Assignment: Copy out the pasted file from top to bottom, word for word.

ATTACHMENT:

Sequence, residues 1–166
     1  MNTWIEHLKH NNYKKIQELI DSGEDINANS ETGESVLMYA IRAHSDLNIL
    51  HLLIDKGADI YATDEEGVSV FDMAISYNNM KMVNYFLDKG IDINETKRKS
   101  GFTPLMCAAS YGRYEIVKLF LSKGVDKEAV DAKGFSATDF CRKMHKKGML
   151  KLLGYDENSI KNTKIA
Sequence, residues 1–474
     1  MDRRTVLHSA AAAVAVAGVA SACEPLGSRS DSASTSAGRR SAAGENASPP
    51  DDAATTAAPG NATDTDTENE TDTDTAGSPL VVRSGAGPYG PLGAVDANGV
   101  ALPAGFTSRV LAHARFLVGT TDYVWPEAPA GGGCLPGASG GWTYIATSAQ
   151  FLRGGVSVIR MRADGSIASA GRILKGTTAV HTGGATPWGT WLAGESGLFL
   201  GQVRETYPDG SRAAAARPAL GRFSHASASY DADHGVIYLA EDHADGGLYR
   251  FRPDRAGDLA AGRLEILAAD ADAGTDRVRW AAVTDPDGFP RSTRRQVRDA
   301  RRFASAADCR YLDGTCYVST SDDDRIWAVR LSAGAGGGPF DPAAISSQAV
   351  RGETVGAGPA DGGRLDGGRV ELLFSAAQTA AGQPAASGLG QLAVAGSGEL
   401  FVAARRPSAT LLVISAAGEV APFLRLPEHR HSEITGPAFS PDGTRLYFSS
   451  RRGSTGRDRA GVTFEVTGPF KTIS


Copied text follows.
Sequence, residues 1–166
     1  MNTWIEHLKH NNYKKIQELI DSGEDINANS ETGESVLMYA IRAHSDLNIL
    51  HLLIDKGADI YATDEEGVSV FDMAISYNNM KMVNYFLDKG IDINETKRKS
   101  GFTPLMCAAS YGRYEIVKLF LSKGVDKEAV DAKGFSATDF CRKMHKKGML
   151  KLLGYDENSI KNTKIA
Sequence, residues 1–474
     1  MDRRTVLHSA AAAVAVAGVA SACEPLGSRS DSASTSAGRR SAAGENASPP
    51  DDAATTAAPG NATDTDTENE TDTDTAGSPL VVRSGAGPYG PLGAVDANGV
   101  ALPAGFTSRV LAHARFLVGT TDYVWPEAPA GGGCLPGASG GWTYIATSAQ
   151  FLRGGVSVIR MRADGSIASA GRILKGTTAV HTGGATPWGT WLAGESGLFL
   201  GQVRETYPDG SRAAAARPAL GRFSHASASY DADHGVIYLA EDHADGGLYR
   251  FRPDRAGDLA AGRLEILAAD ADAGTDRVRW AAVTDPDGFP RSTRRQVRDA
   301  RRFASAADCR YLDGTCYVST SDDDRIWAVR LSAGAGGGPF DPAAISSQAV
   351  RGETVGAGPA DGGRLDGGRV ELLFSAAQTA AGQPAASGLG QLAVAGSGEL
   401  FVAARRPSAT LLVISAAGEV APFLRLPEHR HSEITGPAFS PDGTRLYFSS
   451  RRGSTGRDRA GVTFEVTGPF KTIS